Gov. Andrew Cuomo has been one of the nation’s foremost advocates of marriage equality, but today in an open press meeting of his Cabinet in Albany, he sounded forgiving of President Barack Obama’s hedging on the issue, and even said that the issue is better left to the states after a same sex marriage ban was added to the North Carolina Constitution yesterday.
Mr. Cuomo was with Mr. Obama yesterday as the president toured a nanotechnology campus in the Albany area, and he said the subject of marriage equality did not come up.
Asked then what he would counsel the president on his “evolving” views on same-sex marriage, and Mr. Cuomo said he would stay out of the way, even as Mr. Obama faces increasing pressure from some corners of his party to come out in support.
“If you are in the middle of the evolution I don’t know that you know that you are in the middle,” Mr. Cuomo said. “And I don’t know that you really can help someone or talk it through with someone. I think people get facts, people become informed, people’s opinions evolve, people’s opinions change sometimes. Sometimes they don’t, and I dont think its for me to counsel anyone on this issue.”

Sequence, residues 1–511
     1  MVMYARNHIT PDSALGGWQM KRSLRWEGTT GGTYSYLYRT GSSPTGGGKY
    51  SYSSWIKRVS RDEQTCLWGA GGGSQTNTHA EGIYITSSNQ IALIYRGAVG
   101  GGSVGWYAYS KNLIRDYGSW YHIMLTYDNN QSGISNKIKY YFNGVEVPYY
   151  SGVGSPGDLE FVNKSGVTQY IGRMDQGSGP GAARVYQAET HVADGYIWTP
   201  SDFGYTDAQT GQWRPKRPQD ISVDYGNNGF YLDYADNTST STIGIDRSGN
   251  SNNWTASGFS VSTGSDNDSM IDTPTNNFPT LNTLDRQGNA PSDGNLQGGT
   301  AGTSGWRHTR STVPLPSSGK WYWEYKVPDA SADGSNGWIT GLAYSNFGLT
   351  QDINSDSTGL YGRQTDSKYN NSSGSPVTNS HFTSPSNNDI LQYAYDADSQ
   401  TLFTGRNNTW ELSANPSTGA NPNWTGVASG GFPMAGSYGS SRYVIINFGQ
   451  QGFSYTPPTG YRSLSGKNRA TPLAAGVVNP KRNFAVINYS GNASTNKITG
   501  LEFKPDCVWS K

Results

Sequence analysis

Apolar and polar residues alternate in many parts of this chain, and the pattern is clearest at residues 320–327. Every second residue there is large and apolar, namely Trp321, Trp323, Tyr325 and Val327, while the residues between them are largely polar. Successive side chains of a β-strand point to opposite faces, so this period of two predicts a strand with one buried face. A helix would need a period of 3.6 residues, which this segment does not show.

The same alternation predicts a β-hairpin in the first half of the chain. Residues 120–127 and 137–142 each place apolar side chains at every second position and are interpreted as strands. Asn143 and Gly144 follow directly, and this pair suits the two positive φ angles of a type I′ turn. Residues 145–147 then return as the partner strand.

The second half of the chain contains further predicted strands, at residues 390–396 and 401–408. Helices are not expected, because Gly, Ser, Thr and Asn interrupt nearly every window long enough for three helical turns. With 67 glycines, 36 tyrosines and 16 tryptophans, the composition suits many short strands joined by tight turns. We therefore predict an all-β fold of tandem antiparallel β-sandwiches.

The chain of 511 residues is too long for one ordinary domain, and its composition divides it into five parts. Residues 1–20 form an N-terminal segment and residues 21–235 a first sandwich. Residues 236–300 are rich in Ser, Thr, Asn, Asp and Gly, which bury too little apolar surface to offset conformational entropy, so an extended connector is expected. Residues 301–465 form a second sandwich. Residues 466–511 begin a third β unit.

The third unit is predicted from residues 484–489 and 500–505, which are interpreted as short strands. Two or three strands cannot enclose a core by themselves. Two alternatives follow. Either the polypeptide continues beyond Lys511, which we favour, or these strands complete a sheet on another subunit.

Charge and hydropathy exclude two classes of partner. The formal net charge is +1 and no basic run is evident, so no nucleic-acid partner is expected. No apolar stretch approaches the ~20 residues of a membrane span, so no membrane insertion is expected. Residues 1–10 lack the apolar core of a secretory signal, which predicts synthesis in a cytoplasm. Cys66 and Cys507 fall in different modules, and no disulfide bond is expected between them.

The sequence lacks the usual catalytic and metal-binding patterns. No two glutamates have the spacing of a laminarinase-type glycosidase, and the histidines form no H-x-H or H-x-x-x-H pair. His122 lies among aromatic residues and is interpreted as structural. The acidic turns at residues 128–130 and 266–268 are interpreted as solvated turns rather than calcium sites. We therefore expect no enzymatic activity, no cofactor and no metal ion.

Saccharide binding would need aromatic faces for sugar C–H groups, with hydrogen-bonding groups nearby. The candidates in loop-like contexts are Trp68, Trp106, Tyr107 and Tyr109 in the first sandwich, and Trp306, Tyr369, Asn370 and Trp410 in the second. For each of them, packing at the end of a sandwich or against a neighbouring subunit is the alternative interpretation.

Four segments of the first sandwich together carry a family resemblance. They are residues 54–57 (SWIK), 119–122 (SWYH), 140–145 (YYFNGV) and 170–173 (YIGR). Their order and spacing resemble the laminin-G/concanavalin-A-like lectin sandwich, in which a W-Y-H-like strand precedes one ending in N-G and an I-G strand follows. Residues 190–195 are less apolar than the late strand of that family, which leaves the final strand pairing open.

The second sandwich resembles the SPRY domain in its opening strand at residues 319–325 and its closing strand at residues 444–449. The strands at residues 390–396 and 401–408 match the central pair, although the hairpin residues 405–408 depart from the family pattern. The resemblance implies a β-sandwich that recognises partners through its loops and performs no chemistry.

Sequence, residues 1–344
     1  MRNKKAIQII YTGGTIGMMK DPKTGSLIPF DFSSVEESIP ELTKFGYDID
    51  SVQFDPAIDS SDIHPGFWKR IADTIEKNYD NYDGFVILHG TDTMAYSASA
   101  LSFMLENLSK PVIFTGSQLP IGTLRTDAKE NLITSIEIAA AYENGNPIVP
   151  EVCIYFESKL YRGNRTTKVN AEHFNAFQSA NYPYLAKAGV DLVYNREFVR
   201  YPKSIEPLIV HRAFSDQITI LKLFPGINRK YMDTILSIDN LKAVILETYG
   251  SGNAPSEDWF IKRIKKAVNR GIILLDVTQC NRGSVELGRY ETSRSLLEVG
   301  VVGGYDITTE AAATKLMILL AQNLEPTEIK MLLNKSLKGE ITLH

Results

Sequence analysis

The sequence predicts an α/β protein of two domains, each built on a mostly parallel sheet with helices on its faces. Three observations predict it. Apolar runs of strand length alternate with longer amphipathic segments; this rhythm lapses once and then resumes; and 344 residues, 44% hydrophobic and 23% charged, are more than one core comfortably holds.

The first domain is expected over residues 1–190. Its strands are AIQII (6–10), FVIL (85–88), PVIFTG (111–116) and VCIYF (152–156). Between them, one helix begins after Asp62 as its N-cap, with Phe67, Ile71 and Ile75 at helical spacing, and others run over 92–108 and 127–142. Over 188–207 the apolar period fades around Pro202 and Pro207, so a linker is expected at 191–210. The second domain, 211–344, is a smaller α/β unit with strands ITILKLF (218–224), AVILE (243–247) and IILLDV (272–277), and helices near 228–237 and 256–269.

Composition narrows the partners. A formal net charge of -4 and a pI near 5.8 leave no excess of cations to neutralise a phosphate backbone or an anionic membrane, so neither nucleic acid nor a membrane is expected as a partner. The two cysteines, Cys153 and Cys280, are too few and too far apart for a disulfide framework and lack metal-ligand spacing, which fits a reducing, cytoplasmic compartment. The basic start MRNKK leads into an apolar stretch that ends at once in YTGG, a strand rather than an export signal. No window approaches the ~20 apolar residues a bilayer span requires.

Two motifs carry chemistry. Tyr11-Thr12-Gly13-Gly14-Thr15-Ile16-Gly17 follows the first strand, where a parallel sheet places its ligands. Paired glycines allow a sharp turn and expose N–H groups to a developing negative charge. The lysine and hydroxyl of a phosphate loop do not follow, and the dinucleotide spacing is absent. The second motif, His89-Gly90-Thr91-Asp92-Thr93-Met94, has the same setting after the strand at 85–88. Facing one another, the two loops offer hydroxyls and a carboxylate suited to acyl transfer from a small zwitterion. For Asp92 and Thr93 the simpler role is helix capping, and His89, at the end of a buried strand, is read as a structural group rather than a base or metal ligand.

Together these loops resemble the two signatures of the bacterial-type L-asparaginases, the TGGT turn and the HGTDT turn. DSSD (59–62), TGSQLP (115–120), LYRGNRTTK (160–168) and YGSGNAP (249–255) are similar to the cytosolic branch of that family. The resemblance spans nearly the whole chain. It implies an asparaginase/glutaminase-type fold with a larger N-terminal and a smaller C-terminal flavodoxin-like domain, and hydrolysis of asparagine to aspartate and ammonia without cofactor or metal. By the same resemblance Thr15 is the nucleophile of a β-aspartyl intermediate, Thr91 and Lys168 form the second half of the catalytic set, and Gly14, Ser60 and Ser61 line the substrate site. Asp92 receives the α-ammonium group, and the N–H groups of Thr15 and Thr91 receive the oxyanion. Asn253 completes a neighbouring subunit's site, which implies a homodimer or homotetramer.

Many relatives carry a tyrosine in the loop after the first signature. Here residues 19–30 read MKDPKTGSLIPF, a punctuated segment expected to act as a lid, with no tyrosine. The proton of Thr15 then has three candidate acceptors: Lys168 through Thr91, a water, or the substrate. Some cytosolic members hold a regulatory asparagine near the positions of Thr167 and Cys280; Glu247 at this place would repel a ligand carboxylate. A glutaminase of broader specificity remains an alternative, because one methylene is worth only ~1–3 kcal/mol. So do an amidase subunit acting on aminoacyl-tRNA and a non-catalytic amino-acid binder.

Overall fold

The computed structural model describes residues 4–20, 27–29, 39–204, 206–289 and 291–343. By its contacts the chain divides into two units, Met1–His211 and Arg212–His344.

Mr. Cuomo went on to note that the question of marriage equality can be an “intensely personal” one, but that it can be a “governmental decision” as well, so it was best for him not to give counsel one way or the other.
Mr. Cuomo however did seem to suggest that marriage is an issue best left to the states, and not the federal government, an opinion that (for what it’s worth) puts him on the same side as conservative judicial activist Wendy Long, who is now running in a GOP primary to take on Sen. Kirsten Gillibrand.
“I believe in states rights. I would like to see a place where this law is accepted all across the nation. I advocated as such,” he said. “I don’t know that the solution should be the federal government telling states what to do. I think the American people will get there and I think they are on the road to getting there. And I think it is about communication and understanding. I have evolved on this. I think people when they understand what we are talking about, they reflect on it, then I think you are going to see more and more of this country turning to a place where they support marriage equality.”
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